The reduce-reuse-recycle philosophy of my youth evoked images of bottles, cans, and paper. My friends and I lamented the poor animals with necks caught in plastic rings from six-packs of cans. To this day, I diligently seek out recycling bins everywhere I go, from restaurants to house parties.
But what to do with my old clothes?
There have always been options for the lightly used clothes I don’t wear anymore. They can be donated: to a thrift store, to a friend with similar taste, to a local free store. But then there are those clothes that are too ancient, damaged, and useless for donation. They get worn for painting projects and camping trips until they’re literally falling apart. And then they get thrown away.
There are lots of consumers like me, and there are some who are worse: people who throw away perfectly good clothing to save the inconvenience of a donation drop-off trip. But even people who keep the ethics of recycling close to our hearts often fail to keep our old clothing out of the landfill.
As it turns out, only 15 percent of the clothes we discard actually get reused. Americans, on average, throw out 70 pounds of clothing each year. According to the EPA, the 15 percent that gets reused is tantamount to having a million fewer cars on the road, in terms of environmental impact.
We need to find out how to make that percentage bigger. How can we keep our textiles out of the landfill? Let’s take a look at some of the top ways to start saving the world by recycling clothes.
At-Home Reuse Options
As with most recycling issues, one solution is to get creative at home. The clothes may no longer be useful, but the fabric still is. You can use old clothing at home for all kinds of crafty or practical projects.
One of the most obvious things to do with old clothing items is to turn them into rags for cleaning. If there’s still enough fabric to make a rag, use it. This lets you step away from using wasteful paper towels to clean your home. With a stack of rags on hand, you can keep things clean, wash your rags, and use them again.
You can also use old fabric to make simple, fun crafts. Stuff old fabric scraps into a pillowcase, sew it shut, and you’ve got a homemade pet bed. Cut a piece of pretty fabric into a strip that you can wear as a headband, choker, or hair tie. Glue fabric to a plain picture frame to dress it up. Ideas like this don’t require much time or effort, but can be a lot of fun.
If you want to get fancier with your old clothes, use them to create new designs.
Making new things from old fabric doesn’t have to mean sewing a whole quilt. With a bit of amateur sewing knowledge, you can sew the fabric from old clothes into a simple tote bag. Or, add fabric patches to give a shabby-chic feel to jeans or a jacket.
Repurposing your old clothes can be more stylish than you might think—even fashion designers are getting in on it. Melissa Gumley, creator of the ADHD Driven fashion line, prides herself on being a zero-waste designer. She weaves rugs and tapestries from leftover scraps of fabric. Other scraps get used to make pillows and decorative wall hangings. Who’s to say you can’t do the same with your old clothes?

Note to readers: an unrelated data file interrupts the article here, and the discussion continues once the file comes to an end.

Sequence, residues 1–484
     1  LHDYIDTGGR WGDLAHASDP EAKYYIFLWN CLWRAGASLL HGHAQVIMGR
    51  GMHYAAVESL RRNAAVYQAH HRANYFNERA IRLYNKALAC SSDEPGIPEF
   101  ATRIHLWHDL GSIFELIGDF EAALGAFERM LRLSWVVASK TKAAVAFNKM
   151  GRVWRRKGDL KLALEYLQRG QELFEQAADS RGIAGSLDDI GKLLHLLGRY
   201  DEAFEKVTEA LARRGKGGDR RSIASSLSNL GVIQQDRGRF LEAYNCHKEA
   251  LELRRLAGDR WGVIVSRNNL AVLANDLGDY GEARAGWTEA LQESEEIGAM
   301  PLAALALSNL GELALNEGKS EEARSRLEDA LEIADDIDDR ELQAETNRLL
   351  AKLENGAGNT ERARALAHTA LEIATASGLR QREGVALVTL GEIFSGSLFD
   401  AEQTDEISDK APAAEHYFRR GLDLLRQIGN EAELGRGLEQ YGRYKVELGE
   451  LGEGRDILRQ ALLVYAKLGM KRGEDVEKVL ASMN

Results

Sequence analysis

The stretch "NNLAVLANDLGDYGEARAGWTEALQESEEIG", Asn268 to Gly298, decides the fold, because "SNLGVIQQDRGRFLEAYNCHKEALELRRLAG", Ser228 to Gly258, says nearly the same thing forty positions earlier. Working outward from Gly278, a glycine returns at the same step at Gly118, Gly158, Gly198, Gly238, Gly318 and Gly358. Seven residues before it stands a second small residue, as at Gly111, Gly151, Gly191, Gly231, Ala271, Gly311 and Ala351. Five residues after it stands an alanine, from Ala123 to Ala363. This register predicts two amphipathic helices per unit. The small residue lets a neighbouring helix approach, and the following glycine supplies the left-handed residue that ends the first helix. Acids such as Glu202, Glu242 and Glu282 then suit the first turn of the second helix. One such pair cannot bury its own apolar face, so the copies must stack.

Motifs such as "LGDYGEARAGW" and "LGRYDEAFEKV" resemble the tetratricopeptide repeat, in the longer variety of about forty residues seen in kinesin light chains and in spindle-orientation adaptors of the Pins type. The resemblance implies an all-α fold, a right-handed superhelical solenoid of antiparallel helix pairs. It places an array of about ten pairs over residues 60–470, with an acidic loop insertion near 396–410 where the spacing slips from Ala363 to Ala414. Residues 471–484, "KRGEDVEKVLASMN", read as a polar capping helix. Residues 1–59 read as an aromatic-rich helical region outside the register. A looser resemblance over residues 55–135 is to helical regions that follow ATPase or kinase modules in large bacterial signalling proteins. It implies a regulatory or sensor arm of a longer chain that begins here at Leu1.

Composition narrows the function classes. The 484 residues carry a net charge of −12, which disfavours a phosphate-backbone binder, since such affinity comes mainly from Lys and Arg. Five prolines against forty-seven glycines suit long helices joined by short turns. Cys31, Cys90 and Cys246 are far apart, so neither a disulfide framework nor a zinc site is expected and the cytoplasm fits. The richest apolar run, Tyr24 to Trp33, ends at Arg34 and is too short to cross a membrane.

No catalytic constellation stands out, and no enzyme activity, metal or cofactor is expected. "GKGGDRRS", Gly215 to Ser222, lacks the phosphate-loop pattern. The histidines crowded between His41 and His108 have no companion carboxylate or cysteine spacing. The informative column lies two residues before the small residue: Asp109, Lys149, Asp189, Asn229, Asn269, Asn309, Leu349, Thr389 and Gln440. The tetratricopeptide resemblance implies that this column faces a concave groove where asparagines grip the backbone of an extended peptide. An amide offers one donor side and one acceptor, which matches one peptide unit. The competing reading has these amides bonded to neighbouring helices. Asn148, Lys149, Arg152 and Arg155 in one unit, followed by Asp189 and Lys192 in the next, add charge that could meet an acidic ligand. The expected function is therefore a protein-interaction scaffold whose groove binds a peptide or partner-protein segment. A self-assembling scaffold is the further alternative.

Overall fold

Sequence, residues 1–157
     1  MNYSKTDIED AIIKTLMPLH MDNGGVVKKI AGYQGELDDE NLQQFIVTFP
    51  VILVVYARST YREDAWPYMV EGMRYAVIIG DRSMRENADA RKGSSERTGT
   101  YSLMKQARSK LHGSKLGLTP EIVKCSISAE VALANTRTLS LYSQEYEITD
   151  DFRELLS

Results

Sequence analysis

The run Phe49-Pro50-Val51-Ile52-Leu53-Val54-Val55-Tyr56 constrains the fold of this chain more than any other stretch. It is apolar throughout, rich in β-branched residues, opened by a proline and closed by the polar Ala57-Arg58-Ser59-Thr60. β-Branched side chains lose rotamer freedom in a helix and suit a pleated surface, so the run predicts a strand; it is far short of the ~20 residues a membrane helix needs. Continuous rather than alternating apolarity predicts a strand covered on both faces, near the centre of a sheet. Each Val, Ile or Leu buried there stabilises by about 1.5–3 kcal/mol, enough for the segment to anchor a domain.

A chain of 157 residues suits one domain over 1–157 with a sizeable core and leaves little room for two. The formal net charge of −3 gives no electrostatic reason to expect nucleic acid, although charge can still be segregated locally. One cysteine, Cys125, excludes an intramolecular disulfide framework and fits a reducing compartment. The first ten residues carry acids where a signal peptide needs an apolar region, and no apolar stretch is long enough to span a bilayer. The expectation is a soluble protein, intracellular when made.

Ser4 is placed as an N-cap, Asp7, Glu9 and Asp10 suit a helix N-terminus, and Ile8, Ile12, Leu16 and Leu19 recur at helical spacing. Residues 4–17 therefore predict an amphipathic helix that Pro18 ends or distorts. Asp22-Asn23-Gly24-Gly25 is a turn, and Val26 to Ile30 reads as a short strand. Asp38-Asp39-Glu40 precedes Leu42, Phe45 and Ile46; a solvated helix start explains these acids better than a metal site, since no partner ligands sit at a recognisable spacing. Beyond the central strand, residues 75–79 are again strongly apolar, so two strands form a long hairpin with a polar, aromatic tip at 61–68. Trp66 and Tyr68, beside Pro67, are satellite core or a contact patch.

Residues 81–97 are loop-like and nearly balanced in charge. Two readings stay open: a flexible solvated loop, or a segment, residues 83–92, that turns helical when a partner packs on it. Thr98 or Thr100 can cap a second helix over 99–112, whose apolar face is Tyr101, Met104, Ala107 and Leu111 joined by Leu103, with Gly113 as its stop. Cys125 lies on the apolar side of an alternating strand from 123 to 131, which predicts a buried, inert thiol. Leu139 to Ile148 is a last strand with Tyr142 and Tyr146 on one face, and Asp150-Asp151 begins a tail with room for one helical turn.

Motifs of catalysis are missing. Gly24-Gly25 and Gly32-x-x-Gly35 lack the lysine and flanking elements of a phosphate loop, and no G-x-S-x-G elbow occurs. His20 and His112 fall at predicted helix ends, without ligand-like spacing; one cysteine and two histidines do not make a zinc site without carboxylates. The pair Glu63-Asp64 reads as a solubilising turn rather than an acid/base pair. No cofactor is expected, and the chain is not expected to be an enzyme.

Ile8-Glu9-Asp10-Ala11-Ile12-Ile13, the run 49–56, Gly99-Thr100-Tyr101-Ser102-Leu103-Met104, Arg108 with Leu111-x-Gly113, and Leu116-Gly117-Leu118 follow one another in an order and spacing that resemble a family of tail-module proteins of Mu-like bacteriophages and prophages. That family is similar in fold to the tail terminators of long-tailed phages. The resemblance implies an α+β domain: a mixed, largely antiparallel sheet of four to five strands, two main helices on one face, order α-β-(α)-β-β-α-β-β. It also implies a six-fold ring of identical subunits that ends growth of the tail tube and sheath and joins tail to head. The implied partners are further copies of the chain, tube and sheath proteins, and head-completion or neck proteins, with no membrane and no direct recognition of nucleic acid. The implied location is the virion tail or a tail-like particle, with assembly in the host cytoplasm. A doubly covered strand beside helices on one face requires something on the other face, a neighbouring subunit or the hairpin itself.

Away-From-Home Donation Options
You’ve applied your old clothes to as many creative household projects as possible. However, you’re still left with a few things you can’t use, or worn-out fabric scraps that have served their last possible purpose. What next? There are recycling programs of all kinds for old clothes and textiles—here’s how to find them.
Of course, donating to a thrift or consignment store is the obvious choice. However, you might not have a store like that nearby, or your old clothes might be too worn out to donate. Fortunately, textile recycling companies can take care of almost anything you’ve got.
You may have seen clothing donation bins in your apartment complex or a nearby parking lot. These can be a great resource, but research what the company does with the used clothes before putting them in the bin. Some, like USAgain, save even the scraps to sell for insulation and other purposes. If the company doesn’t say what it does with the scraps, it’s safe to assume they get thrown away.
Can’t find anywhere to recycle your stuff? Head over to Earth911.com to find out how to keep textiles and anything else out of the landfill. This site curates all kinds of information about recycling based on location. Just enter your zip code and what you’re hoping to recycle to get started.
A city near you might have a new innovative way of dealing with old clothes.
In Seattle, EVRNU was launched to help combat the rising pile of textiles in our landfills. Starting with major thrift stores like Goodwill, the company uses chemicals to deconstruct unsellable clothing back into fiber. That fiber is then used to make everything from new fabric to cars.
As environmental concerns become more pressing, people are looking for new ways to reuse old materials. Organizations like EVRNU offer creative solutions—keep an eye out for revolutionary recycling concepts near you.
Can Clothes Recycling Really Save the Planet?
The problem with environmental issues is that they’re complex. Individual recycling efforts can’t be counted on to halt global warming and clean up the world’s oceans. But those individual efforts can slowly add up to major impacts.
When we work together, we can find new ways to change the negative impact fashion and textile production has had on the environment.
Recycle your clothes—but don’t do it alone. Recruit friends for clothing swaps, donation trips, and fabric craft days. Look for innovative recycling options near you. Don’t see any? Maybe it’s time to start the next big clothes recycling project yourself.